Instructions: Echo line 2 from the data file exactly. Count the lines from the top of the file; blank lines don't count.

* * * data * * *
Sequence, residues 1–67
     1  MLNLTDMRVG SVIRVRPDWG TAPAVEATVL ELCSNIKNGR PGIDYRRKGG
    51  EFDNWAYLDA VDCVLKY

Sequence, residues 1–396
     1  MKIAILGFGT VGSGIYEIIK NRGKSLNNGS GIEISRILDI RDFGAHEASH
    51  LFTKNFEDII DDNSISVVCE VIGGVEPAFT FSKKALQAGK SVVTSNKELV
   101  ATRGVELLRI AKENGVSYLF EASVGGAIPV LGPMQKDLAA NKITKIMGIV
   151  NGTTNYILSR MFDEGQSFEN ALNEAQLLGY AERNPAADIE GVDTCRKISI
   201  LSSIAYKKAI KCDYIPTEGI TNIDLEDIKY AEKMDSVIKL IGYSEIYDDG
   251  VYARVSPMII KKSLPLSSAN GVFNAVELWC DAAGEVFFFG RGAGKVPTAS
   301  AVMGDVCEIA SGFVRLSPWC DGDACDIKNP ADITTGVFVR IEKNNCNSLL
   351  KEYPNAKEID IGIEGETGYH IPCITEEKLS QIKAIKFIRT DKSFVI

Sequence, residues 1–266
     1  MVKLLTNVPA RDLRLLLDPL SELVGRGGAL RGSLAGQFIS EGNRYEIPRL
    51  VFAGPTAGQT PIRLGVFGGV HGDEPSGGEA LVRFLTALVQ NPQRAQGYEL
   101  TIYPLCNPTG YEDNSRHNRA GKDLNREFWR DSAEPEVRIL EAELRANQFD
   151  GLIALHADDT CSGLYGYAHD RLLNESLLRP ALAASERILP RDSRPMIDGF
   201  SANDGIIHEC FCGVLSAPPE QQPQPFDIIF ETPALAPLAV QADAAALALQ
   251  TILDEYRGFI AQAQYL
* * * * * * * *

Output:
     1  MLNLTDMRVG SVIRVRPDWG TAPAVEATVL ELCSNIKNGR PGIDYRRKGG